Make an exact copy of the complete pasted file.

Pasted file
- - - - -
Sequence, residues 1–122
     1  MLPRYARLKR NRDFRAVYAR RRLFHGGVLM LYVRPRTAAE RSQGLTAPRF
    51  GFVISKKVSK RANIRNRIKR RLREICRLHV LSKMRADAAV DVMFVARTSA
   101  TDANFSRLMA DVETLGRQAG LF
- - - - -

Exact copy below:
Sequence, residues 1–122
     1  MLPRYARLKR NRDFRAVYAR RRLFHGGVLM LYVRPRTAAE RSQGLTAPRF
    51  GFVISKKVSK RANIRNRIKR RLREICRLHV LSKMRADAAV DVMFVARTSA
   101  TDANFSRLMA DVETLGRQAG LF